In the places where Peterman’s college career felt disappointing, Clark’s was sparkling. A two-time All-American in cross country, her real success came on the track. By the time she finished her collegiate career, she was in the top five all-time athletes at Colorado in four different events (the indoor 3K and 5K and the 10K and 3,000-meter steeplechase), had won multiple PAC-12 conference titles and had earned All-America honors 11 times between track and cross country. She raced the steeplechase in the 2016 Olympic Trials after her sophomore year.
After college, Peterman took a break from serious training, while Clark ran professionally on the track and road. Then, in 2019, Peterman ran the Moab Trail Marathon, the USATF Trail Championship race, for the first time.
He won, in 2:57, and was 11 minutes in front of second place.
Finding His Stride
Once Peterman got started trail racing, his impact was immediate. He has now won the Moab Trail Marathon three times in a row, lowering the course record to 2:51 this year. He signed to run professionally with Hoka in December 2020, and the next month paced Jim Walmsley’s attempt to break the 100K world record in Arizona alongside elites like Ben Bruce and Hayden Hawks. Peterman paced Walmsley (who would ultimately miss the record by a heartbreaking 12 seconds) for around 55K, while Clark, who also runs with Hoka, paced French athlete Audrey Tanguy.
And if his start was good, Peterman’s 2021 has only gotten better.
He won the Speedgoat 50K in July in 5:04:31, beating Walmsley’s old course record by 24 seconds. His second-place finish at the Pike’s Peak Marathon in August was his self-professed worst race of the year. And then there was JFK. In his first attempt at the 50-mile distance, he’d be taking on a stacked field at a race where the course record had been lowered to almost impossible standard by Walmsley in 2019 and Hawks in 2020.
“I didn’t train that much more than normal, but for some reason this fall I’ve felt really good the whole time, better than I have all year,” says Peterman. “I knew the splits that Hayden had run and I knew what Jim ran. Whenever I thought about breaking the course record I felt like I was putting a lot of pressure on myself, so I tried not to really focus on it, but I did know the splits that they’d run.”
He didn’t just know the splits. He nailed them on JFK’s dozen miles along the Appalachian Trail and marathon worth of crushed gravel roads. He would stay right in line with Walmsley’s and Hawks’ pace until the very end, missing Hawks’ record by 58 seconds. It was a performance surprising to all except those who know him.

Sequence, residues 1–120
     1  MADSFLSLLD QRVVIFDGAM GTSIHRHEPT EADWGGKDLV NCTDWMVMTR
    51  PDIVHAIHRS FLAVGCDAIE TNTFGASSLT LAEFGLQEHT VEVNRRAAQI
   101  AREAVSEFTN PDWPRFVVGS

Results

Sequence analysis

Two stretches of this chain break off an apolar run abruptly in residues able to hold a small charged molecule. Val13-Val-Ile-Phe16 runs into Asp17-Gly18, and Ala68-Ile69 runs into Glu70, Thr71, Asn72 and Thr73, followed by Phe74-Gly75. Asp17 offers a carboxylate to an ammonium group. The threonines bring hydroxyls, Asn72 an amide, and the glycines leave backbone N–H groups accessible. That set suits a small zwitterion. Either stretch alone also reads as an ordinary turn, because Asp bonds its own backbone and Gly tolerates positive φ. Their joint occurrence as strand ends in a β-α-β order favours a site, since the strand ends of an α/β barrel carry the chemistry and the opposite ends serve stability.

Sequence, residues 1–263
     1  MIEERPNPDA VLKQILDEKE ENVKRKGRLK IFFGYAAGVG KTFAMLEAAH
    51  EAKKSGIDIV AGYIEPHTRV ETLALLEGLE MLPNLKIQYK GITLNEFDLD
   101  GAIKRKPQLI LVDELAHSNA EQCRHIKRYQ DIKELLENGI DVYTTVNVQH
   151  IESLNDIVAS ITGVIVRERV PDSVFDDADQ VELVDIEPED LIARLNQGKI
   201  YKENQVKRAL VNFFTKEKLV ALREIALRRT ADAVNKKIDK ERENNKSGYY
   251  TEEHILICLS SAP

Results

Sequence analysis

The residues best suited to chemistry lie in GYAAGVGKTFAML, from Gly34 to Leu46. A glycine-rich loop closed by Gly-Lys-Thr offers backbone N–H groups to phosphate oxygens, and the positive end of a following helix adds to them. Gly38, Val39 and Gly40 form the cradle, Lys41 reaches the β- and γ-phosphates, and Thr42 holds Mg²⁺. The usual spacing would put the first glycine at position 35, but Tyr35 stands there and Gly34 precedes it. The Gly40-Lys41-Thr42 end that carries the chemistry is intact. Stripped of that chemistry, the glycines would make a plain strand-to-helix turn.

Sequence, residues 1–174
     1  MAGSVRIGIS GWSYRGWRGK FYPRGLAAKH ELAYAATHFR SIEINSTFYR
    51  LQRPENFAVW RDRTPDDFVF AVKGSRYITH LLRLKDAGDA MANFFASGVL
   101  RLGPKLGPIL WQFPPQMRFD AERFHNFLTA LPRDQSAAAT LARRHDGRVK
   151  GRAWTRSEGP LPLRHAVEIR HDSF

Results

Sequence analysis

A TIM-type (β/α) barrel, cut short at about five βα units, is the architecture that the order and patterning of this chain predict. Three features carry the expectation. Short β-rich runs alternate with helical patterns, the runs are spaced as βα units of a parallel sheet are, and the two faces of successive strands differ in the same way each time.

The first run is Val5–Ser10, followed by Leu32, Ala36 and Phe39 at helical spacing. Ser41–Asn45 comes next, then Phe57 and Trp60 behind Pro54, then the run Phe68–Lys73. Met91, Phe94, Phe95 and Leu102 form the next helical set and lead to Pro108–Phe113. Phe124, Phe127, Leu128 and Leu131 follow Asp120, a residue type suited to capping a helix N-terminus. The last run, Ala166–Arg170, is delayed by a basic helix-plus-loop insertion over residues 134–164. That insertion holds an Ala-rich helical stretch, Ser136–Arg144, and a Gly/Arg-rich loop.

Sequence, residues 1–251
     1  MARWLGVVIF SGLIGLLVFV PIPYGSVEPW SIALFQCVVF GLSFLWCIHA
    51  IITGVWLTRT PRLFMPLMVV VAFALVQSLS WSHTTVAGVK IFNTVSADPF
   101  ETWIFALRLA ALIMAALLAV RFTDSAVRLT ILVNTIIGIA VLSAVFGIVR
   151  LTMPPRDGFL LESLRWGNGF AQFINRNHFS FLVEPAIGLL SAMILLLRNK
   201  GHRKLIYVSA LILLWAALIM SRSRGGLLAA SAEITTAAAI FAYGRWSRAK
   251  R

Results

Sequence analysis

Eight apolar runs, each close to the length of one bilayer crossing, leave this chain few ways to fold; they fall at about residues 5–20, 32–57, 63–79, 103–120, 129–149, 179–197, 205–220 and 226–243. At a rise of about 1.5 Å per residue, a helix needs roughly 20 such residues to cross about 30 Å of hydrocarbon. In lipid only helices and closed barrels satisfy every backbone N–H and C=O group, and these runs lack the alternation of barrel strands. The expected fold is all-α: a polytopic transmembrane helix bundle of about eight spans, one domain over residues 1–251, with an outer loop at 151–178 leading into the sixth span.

“He loves being in the mountains and I just see him being really consistent and really happy with what he’s doing now,” says Foote. “We all know how talented Adam is, but I think this year has really put him on the map as one of the better trail runners in the country.”
After JFK, Peterman took a two-week break to recover, but he’s already looking toward 2022. He and Clark frequently train together on trails around Missoula.
After her time racing on the roads, Clark also drifted toward the trails. She won her first 50K, El Vaquero Loco in Wyoming, and later earned a Golden Ticket to the Western States 100-mile by placing second at the Bandera 100k in the 6th fastest women’s time ever at the race. She ultimately DNF’ed at Western, but she and Peterman both hope to earn another Golden Ticket in 2022.
“He always knew he wanted to go into trail running. It was a natural move for him to go that way,” Clark says of Peterman’s success. “To see how hard he works finally start paying off for him has been so amazing. I don’t know anyone who works harder.”
Between training and racing, Peterman works putting on races with Foote at Runner’s Edge, Missoula’s local running store, and has now coached for four years at his alma mater, Hellgate High School, teaching kids just like he was how to love running.
“Hellgate is what got me into running, and it’s fun to be back with the program,” he says. “It’s so much fun. It feels like they’re giving back a lot more than you give them. You learn a lot from those kids.”
If he wasn’t running, he thinks he would be working outdoors, perhaps with the Forest Service, like he did in New Mexico after college. But he doesn’t see that happening anytime soon. He says he has “unfinished business” at the Pike’s Peak Marathon, and he feels like he’s still got plenty to learn when it comes to trail and ultra running. Most importantly, though, he’s still having fun.
“The thought of not running anymore just started to eat away at me, and I just knew I had to go back,” Peterman says. “It’s worked for me so far. I’ll keep doing it as long as it’s working.”
Reagan Colyer is Trail Runner’s assistant editor. She lives in the Northern Rockies of Montana and came to the trails after college as a middle-distance track athlete. She is a copy editor by trade and a reader of literally anything.